Chloe: Do you know “whodunit” before you start your book, or do you have to follow the clues along with the rest of us?
Jill: Murder in the Dog Park isn’t so a whodunit as it is a whydunnit—and I’ve received some negative reviews because of that. That said, I re-wrote the ending of Dog Spelled Backwards to be an old-fashioned cliff hanger, to the delight of many. I don’t want to sacrifice character development for clever plot twists and turns. For me, characters are the most important part of any book.
Chloe: What were the first mystery series you fell in love with?
Jill: The Nancy Drew books, of course. I devoured them as a pre-teen. I also read The Hardy Boys. As an older teen I also enjoyed Robert Ludlum’s Bourne series and Arthur Conan Doyle.
Chloe: How do you market your books? What’s been your most effective tactic and what do you consider a necessary evil.
Jill: As a self-published author I market my books through a multitude of venues. While I am grateful for the wide reach of social media, keeping up Twitter, Facebook, Google+, LinkedIn, and all of the other outlets I’m a part of is exhausting. It’s like feeding a hungry beast that’s never satiated. On the other hand, I love giving in-person readings and doing author book signings. It’s a great way to sell my books, especially if I can chat up readers about their dogs.
Chloe: Tell me about your writing process? Are you a daily writer or do you wait till inspiration strikes?
Jill: I write when my packed schedule permits. That generally means doing catch up writing on the weekends with paragraphs here and there pecked out at 6am on weekdays.
Chloe: Do you go to writers’ conferences or writers’ retreats? Why or why not?
Jill: My fantasy is to spend two weeks at Yaddo. A girl can dream, right?
Chloe: What other creative outlets do you have to cross train your brain?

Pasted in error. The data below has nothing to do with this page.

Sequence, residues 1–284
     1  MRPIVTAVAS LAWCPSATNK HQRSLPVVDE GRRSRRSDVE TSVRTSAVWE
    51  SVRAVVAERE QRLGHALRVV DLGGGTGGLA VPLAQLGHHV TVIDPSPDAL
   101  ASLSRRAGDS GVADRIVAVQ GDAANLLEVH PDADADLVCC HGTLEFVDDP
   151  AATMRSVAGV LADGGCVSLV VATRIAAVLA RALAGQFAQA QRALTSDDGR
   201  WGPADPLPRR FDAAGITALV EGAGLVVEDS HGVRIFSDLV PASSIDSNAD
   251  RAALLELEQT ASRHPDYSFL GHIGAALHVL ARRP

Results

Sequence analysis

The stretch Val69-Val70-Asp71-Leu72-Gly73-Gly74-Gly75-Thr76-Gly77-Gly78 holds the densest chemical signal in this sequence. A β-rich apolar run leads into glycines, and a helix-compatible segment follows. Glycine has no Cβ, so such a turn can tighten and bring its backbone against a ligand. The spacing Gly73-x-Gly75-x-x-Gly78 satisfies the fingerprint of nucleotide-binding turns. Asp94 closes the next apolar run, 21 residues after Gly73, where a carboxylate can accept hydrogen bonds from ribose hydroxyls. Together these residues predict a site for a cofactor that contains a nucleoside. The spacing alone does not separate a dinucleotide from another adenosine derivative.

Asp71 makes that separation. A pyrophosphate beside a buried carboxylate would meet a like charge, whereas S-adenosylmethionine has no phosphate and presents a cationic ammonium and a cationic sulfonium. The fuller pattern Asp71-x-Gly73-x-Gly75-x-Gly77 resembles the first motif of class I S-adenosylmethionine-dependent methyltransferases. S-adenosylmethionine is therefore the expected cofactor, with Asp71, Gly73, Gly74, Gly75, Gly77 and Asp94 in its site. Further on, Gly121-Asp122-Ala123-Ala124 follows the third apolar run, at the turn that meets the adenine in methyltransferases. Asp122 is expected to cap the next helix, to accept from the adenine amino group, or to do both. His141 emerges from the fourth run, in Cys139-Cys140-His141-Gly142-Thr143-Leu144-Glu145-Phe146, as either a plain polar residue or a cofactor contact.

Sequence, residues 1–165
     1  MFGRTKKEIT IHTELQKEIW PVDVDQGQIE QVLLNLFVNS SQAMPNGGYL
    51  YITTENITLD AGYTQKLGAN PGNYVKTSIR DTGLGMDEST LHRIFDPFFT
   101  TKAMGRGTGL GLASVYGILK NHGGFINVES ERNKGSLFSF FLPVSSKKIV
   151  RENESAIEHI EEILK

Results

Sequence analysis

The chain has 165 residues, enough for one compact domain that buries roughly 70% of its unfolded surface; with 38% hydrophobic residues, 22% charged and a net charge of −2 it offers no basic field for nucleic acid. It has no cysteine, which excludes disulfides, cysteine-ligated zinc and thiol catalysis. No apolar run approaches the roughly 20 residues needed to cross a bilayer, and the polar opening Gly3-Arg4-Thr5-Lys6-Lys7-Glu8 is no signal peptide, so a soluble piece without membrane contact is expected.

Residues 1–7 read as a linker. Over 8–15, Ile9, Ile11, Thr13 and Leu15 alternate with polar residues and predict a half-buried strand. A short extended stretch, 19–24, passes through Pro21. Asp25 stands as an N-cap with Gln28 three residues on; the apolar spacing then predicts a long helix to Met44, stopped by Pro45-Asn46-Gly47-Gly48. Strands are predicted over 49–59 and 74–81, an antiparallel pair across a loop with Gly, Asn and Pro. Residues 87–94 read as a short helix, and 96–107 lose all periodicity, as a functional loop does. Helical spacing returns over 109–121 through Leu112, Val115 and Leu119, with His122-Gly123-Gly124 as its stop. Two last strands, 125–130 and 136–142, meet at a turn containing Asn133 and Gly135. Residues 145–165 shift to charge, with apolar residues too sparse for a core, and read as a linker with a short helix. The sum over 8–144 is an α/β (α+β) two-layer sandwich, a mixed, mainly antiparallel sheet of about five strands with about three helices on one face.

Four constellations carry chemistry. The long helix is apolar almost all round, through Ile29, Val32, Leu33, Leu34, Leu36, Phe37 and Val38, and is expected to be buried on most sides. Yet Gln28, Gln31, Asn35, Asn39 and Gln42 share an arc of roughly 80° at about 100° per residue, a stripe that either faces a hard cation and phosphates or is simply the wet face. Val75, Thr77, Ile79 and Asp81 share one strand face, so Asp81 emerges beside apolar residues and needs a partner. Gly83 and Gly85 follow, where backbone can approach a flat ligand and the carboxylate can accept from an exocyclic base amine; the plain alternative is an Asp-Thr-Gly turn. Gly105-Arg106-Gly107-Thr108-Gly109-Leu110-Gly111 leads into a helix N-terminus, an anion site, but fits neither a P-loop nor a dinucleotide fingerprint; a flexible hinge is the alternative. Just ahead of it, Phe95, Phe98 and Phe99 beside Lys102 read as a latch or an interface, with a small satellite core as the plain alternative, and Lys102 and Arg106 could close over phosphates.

Jill: I am learning how to shoot and edit video. My goal for 2015 is to start making short films. I recently adapted a chapter from Murder in the Dog Park as a one-act play. It was the most fun I’d had all year.
Chloe: What’s been the biggest obstacle you’ve had to overcome to establish yourself as a writer?
Jill: Not beating myself up for writing genre fiction. There is still a little voice in my head saying: “you should really write about something more important.” Then again, does the world really need another mediocre novel of ideas?
Chloe: What’s next for Jane and her bull terrier?
Jill: In my forthcoming book Sleeping Dogs Don’t Lie, Jane takes on her most ambitious project: bringing down a corrupt big city mayor while locking horns with a blonde bombshell FBI agent who she suspects is making the moves on her man.
Chloe: How can fans connect with you?
Jill: My website is www.murderinthedogpark.com. You can also visit my Murder in the Dog Park Facebook page as well as finding me on Goodreads and Twitter.
Murder in the Dog Park
Discovering the body of a brutally murdered boy in a rainy dog park is the worst possible way for private detective Jane Ronson to start her day. To solve the crime, Jane must use her computer hacking and street fighting skills—with a little help from a sexy cop and a bull terrier with a bad attitude.
Dog Spelled Backwards: An Unholy Mystery
Private investigator Jane Ronson suffers from oppositional defiant disorder—the uncontrollable urge to punch first and ask questions later. When a rabbi with a shady past offers a bag of cash to spy on a rival rabbi, Jane jumps at the chance. To succeed, Jane must infiltrate a black market kidney ring in Baltimore’s Orthodox Jewish community by impersonating one of its members. Between Russian gangsters and double crosses, Jane is No. 1 on everyone’s hit list. To get the bounty—and stay alive—Jane forms an alliance with a rabbi’s wife and confronts a dark family secret.